"Today's inflation is chronic. Its roots are deep in the very nature of the welfare state ... A fascist political state would be required to impose such a regime and preserve it. Short of a military junta that imprisons trade union activists and terrorizes intellectuals, this solution to inflation is unrealistic--and, to most of us, undesirable."

But I think the intellectuals would welcome a fascist regime, especially the economists. Somehow I think Samuelson would've jump at the chance of helping the junta.

"But I think the intellectuals would welcome a fascist regime, especially the economists." again, whims and passion instead of reason and evidence. BTW, Samuelson opposed Hayek's slippery slope reasoning in road to serfdom. I guess, if the US survived roosevelt, nixon, bush II., etc, it will also survive obama. It is only lack of historical understanding that allows people to associate obama with hitler and the like. when watching the news and see americans opposing obama's health care reform with hitler on their posters, I worry more about these folks: they are much closer to the mob that carried hitler to power than obama is to anything in the Weimar republic.

amv,

I am confused with your reaction to Bruce Caldwell. First, there is a fact -- sales of The Road to Serfdom have surged. Second, there is another fact -- debate about economic policy has spread from the profession and policy makers to the general public during the financial crisis. Third, there has been a renewed interest in Keynes as an answer, and with that there has also been a renewed interest in Keynes's adversary Hayek. Fourth, what is the most accessible book of Hayek's -- certainly NOT Prices and Production, but The Road to Serfdom. Prices and Production is directed at other professional economists, The Road to Serfdom is directed at the concerned citizen and intellectuals.

Thus, we have a fact --- surge in sales; we have the Caldwell conjecture. What other conjecture would you offer for the surge in sales?

amv, Hayek doesn't offer a "slippery slope" argument.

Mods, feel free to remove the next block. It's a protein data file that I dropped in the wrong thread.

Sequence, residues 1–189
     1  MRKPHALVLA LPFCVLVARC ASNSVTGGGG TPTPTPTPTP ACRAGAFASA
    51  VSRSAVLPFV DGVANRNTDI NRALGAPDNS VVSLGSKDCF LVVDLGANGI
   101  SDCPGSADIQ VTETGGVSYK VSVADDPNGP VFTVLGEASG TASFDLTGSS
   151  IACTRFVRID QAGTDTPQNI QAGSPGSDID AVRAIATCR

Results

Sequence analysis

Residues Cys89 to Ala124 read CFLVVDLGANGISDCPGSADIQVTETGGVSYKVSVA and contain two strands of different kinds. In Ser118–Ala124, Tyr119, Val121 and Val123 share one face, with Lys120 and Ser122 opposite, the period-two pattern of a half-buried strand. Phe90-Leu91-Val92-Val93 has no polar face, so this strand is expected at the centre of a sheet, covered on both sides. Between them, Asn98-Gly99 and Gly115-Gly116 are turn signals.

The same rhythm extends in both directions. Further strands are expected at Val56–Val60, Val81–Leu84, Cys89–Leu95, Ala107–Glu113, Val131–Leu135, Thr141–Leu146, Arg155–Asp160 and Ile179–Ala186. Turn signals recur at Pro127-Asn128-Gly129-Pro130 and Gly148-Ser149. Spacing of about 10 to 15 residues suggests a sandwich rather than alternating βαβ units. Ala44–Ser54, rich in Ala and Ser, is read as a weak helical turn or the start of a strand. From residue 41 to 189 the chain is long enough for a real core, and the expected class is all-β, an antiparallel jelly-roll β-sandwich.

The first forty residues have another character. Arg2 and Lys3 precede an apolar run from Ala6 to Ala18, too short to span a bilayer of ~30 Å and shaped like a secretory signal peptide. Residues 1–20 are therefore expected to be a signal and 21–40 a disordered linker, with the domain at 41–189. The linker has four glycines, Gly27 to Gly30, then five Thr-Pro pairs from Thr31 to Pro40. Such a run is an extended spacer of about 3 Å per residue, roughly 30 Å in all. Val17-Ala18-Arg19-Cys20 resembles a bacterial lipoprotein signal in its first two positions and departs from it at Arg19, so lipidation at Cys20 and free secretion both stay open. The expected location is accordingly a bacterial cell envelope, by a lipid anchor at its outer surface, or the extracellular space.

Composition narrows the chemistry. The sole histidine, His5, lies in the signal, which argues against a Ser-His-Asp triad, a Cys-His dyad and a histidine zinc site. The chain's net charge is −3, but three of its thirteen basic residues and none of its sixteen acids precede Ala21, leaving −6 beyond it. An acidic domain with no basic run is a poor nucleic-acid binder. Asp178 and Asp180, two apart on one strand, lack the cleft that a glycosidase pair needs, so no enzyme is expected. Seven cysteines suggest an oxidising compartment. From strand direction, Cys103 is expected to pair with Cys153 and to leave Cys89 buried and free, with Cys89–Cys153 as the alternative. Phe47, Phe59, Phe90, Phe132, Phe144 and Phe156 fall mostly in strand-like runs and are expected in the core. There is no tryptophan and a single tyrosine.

I'm wondering if you've read his book.

Just asking.

Samuelson, as usual, was smearing Hayek on false grounds, i.e. mischaracterizing what Hayek wrote for the purpose of marginalizing his work.

Samuelson promised to retract his false statements about Hayek in his next textbook in a personal letter to Hayek, then later admitted he was lying in saying he'd do so.

Greg says: "Samuelson promised to retract his false statements about Hayek in his next textbook in a personal letter to Hayek, then later admitted he was lying in saying he'd do so."

Can Greg cite any evidence (actual quotes or page numbers, etc)for these bold claims?

Thanks.

No slippery slope?

"It is not necessary to reviewthe familiar economic argumentswhich showwhy mere ‘interventionism’ is self-defeating
and self-contradictory, and how, if the central purpose of intervention is to be achieved, intervention must expand until
it becomes a comprehensive system of planning”

Observer:

They are documented in Bruce Caldwell's introduction to the release of The Road to Serfdom in the Collected Works, which you can read here: http://books.google.com/books?id=qg61T_I1mwsC&pg=PA29&lpg=PA29&dq=hayek,+samuelson,+letters&source=bl&ots=3bgjAmRNXB&sig=m9xxVliN10nS_mgiXsEKFy7VZKc&hl=en&ei=_jWAS5WsGczR8Ab4muSTBQ&sa=X&oi=book_result&ct=result&resnum=8&ved=0CB4Q6AEwBw#v=onepage&q=&f=false

That same passage also addresses the "inevitability thesis" AKA the "slippery slope" argument.

"They are documented in Bruce Caldwell's introduction to the release of The Road to Serfdom in the Collected Works, which you can read here"